East Africa drought

Poor rains in the previous two rainy seasons led to severe drought across large parts of the Horn of Africa in early 2011, leaving over 13 million people in need of humanitarian assistance.

As the crisis peaked in mid 2011, families saw their crops fail and their livestock die from lack of pasture.  And whilst 2012 has brought some rains, they're not yet sufficient to enable people recover from the devastating impact of the drought over the last one year.  

In May 2011 we launched a fundraising appeal to raise £9 million to help people survive the crisis and get back on their feet as soon as possible. 

Donate now to help save lives.

What are we doing?

  • Over the last year and a half, our response has reached more than 380,000 of the most vulnerable people across Kenya, including women, children, the elderly, people with disabilities and people living with HIV/AIDS
  • During the initial emergency phase we provided vital supplies of food, water, and support for people's livelihoods to hundreds of thousands of people.
  • Working with local partners and the UN World Food Programme, ActionAid continues to distribute vital food supplies to over 200,000 people in the drought-hit Mwingi and Isiolo districts of Kenya. 
  • In Garissa and Isiolo, Kenya, we bought ailing livestock for slaughter from families for a decent price, rather than them being forced to sell at poor market rates.  And we provided families with new livestock to help replenish lost animals.
  • In Isiolo, Kenya, our award-winning project uses mobile phone technology to establish two-way communications with communities, helping save lives and reduce suffering for people like Sellina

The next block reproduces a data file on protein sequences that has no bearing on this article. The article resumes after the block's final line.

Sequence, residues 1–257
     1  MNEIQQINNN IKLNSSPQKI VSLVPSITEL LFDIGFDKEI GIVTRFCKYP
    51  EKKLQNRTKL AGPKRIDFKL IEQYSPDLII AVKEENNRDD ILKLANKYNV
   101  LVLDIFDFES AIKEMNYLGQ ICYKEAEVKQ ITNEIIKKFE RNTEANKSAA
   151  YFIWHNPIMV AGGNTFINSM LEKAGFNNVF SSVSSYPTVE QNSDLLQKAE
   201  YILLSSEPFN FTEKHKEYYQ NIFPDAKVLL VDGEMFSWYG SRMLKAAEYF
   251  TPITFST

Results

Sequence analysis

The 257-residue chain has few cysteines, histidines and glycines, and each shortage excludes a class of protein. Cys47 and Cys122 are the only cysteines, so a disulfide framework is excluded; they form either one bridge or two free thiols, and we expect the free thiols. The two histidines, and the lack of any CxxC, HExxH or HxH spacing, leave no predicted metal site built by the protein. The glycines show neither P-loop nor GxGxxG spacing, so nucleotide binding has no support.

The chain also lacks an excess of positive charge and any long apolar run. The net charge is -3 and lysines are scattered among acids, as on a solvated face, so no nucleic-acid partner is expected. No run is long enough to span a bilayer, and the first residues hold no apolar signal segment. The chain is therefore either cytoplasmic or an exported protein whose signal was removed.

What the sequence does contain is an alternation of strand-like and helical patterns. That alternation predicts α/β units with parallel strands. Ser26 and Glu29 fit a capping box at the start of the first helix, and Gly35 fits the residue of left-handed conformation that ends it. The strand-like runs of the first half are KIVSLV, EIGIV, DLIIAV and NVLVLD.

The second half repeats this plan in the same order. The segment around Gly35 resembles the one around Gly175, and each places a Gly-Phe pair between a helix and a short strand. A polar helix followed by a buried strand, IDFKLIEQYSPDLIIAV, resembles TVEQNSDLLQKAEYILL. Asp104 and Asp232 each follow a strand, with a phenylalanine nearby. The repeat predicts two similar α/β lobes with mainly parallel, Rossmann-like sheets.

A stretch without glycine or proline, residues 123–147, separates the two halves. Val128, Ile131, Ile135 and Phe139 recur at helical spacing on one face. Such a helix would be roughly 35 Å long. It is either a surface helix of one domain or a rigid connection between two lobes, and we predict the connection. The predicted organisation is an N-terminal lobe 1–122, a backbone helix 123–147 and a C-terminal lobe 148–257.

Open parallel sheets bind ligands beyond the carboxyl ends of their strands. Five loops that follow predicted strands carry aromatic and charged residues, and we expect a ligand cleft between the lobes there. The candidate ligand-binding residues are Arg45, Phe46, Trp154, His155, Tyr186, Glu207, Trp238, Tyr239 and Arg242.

• In Ethiopia, we provided vital food supplies for over 10,000 people in the Oromia region
  • As our response moves on from the emergency phase, we're supporting communities to become more resilient to future crisis by helping them develop alternative livelihoods, and installing water structures that will help communities withstand the impacts of future droughts.
  • We've trained women to recognise and address violations in their rights resulting from their increased burden of work as they struggle to support their families during the ongoing drought.  And we're working with communities to help them hold their authorities and government to account for fulfilling their rights.

Addressing underlying causes

Drought in East Africa is certainly not new.  The cyclical nature of drought in this part of the world means it’s important to look at the long term causes and how these can be addressed.   

  • ActionAid is investing in projects which aim to support communities before drought hits, to help avoid or reduce the impact of poor rains.  This includes putting in place irrigation schemes designed to ensure people can access water even in times of drought. 
  • Our teams on the ground will be working with communities affected by the drought for at least the next 3 years.
  • We’re also undertaking research into the links between drought and climate change, to see how we can support people to become more resilient to future crises.

 

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